Another friend died, too, right next to him in an avalanche. Wow, I only lost my dog, I say, feeling guilty and self-indulgent since everybody knows that dogs don’t live as long as people, and here he’s lost two friends. What have you learned from these experiences, I ask, hoping to glean something that will help me as I grieve.

They taught me how to heal.

The friend who died in the helicopter crash was just about to get engaged. At the time I take it to mean he knows the value of love, but I now realize this was a stretch. We kiss a little, and when I kiss him around his eyes and forehead, on his cheeks, I think of Benny. Of course, I never made out with my dog.

I want to spend more time with Michael; being with him is like being plugged into some kind of relaxation machine. We’re both tired from the race, and we will get together when I get back from Thanksgiving in Connecticut. Be careful out there, he says. It’s not a blessing, it’s just something he’s used to saying.

While I’m away we text the whole time, asking each other questions, getting to know each other, choosing our dream Ironman. His is Austria, mine’s Switzerland or maybe western Australia.

I’m glad I upped my text messaging plan to 1,500 per month, but I’ll never make it past Christmas at this rate. When I get home we make plans to go out for dinner, and I call to get 2,500 text messages per month, which I realize is crazy, but I will be going to Milwaukee for a family party coming up, and I’m into him. He says this is the best way to communicate with him. I’m glad I will get a chance to see him before I go.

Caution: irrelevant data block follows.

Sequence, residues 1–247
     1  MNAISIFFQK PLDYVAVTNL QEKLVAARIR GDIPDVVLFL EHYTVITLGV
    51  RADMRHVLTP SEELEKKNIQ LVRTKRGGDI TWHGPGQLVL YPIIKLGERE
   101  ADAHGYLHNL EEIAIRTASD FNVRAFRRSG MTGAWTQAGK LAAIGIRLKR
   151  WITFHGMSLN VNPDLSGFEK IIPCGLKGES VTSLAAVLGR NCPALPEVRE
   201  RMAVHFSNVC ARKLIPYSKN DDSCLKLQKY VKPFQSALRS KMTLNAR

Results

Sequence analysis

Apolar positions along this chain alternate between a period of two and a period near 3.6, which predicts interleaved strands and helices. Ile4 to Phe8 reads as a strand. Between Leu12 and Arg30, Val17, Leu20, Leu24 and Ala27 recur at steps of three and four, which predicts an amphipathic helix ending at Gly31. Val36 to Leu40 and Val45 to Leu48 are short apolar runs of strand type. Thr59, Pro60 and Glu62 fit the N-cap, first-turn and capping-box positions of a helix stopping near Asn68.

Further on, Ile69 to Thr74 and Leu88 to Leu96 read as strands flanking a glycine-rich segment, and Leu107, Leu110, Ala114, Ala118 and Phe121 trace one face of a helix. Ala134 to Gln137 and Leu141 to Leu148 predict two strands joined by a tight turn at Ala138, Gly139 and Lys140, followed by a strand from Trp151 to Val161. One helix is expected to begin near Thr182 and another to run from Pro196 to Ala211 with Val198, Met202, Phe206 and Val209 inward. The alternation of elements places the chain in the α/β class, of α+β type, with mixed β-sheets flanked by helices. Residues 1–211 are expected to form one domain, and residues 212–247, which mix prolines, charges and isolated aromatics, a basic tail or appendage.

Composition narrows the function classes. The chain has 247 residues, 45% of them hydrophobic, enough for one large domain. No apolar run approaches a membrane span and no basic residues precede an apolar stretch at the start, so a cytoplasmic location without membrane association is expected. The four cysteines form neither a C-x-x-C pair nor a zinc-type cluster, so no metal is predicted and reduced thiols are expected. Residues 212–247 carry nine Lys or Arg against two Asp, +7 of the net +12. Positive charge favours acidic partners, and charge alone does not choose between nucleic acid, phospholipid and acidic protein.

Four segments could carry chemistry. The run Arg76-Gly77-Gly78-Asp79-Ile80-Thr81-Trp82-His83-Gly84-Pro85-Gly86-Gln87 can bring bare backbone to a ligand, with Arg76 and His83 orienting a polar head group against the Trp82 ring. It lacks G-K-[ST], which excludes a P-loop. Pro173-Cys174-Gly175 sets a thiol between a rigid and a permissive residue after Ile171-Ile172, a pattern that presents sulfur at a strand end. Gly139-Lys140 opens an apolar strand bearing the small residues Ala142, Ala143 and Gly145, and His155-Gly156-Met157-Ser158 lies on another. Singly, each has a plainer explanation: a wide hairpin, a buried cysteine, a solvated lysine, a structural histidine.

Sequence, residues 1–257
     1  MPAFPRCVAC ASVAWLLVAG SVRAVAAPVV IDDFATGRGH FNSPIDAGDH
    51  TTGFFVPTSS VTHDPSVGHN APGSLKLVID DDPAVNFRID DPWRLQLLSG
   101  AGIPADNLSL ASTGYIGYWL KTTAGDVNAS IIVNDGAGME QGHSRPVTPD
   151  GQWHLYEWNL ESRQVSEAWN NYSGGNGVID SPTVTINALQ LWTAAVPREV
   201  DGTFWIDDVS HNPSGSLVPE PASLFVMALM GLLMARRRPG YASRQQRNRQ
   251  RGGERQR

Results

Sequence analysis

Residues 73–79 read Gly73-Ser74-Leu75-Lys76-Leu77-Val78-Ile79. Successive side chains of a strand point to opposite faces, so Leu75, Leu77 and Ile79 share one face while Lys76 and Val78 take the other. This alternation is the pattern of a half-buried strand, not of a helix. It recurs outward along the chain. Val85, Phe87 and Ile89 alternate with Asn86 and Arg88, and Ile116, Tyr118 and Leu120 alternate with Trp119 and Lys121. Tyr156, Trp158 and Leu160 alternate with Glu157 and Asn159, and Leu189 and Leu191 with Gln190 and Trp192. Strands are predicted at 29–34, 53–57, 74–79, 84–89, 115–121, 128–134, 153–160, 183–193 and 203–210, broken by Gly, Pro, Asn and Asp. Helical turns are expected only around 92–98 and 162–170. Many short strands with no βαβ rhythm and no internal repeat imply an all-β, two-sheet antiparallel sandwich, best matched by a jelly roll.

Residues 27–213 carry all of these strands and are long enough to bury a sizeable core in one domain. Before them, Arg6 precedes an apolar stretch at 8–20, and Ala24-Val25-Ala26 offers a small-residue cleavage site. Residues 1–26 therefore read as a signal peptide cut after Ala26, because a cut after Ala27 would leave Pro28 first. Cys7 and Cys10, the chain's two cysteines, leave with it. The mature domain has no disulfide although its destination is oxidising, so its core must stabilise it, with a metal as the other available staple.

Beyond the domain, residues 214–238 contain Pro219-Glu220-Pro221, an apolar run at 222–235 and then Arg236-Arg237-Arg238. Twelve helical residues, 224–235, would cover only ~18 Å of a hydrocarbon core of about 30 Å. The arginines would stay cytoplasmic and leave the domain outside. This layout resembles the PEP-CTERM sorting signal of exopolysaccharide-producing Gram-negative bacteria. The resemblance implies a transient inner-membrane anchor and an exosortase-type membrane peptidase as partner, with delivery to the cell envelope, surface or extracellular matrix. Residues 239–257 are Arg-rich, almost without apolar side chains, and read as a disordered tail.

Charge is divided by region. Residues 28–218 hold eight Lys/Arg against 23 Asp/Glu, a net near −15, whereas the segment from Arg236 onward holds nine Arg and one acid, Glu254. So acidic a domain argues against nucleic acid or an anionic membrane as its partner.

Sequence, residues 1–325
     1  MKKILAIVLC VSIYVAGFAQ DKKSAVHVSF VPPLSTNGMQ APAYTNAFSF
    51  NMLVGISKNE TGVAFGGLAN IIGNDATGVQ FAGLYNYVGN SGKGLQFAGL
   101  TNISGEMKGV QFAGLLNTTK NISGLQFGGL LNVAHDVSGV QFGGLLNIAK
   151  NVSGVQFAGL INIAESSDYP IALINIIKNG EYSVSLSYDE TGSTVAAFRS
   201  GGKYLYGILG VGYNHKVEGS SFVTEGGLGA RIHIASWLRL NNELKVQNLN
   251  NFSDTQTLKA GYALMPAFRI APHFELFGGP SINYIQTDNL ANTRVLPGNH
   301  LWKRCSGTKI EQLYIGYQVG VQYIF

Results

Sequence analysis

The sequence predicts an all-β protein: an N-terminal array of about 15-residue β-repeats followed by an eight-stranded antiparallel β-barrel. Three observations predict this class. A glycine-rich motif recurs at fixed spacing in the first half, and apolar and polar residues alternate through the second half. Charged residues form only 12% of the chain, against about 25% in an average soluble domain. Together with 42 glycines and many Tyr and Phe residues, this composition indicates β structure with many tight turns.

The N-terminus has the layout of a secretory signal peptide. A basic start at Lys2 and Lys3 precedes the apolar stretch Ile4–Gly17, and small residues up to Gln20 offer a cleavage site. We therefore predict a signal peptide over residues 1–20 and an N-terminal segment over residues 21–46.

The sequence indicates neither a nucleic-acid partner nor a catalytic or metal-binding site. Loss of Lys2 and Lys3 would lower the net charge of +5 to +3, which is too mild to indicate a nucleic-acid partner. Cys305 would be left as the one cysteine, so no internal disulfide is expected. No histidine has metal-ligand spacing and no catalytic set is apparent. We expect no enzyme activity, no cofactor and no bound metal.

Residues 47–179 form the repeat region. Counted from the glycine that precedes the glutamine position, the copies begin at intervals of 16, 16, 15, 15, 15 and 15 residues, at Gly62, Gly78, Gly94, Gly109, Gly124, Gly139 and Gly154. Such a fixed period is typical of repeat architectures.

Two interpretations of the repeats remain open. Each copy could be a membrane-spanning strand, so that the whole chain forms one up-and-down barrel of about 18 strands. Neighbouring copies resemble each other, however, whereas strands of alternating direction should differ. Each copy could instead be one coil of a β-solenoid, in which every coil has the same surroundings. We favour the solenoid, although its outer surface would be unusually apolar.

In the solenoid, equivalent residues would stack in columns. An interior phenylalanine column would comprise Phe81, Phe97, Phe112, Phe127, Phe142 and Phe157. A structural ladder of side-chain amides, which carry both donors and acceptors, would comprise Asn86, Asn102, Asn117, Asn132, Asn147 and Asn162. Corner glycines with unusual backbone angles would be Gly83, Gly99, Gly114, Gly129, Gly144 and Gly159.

He lives in the foothills of the San Bernadinos and works in Long Beach, so there’s distance between us. The post-race glow has faded, some of the endorphins have worn off, but there’s chemistry that might make up for it. He’s going to be on his motorcycle this time, and he’s leaving work early. He doesn’t know how long it will take him with traffic. It is dark early in the winter, and I look down from the second floor and see him get off the bike; his shadow is against the wall. He removes his helmet and checks his BlackBerry. It’s quiet, and I feel electricity in the air. Soon he will be at my door.

When he hugs me I feel like I’m getting a hug from the sky. Do you really think you can date a girl who lives in Santa Monica? I’m doing it, aren’t I? Listen, I used to live in Santa Monica, and I commute for a living, so don’t worry about it, he says, but I think we’ll need to use his helicopter if we’re ever going to see each other again.

After dinner we go back to my place. In the living room we dance a little; well, rock back and forth. It’s getting late. This time he spends the night, since home is so far.

What do you want? Do you think you want a girlfriend?

He says, first, I want to run a fifty-mile trail race on Catalina in a few weeks. I don’t say anything, but it sounds like he doesn’t want a relationship. Then he says, I didn’t say no, we can talk about it. Having a girlfriend is a responsibility, he says. You’re restless, he says, just close your eyes and focus on your breathing. It’s better to wait, he says. He’s in Benny’s spot on the bed, right on the edge, where he wouldn’t stay long.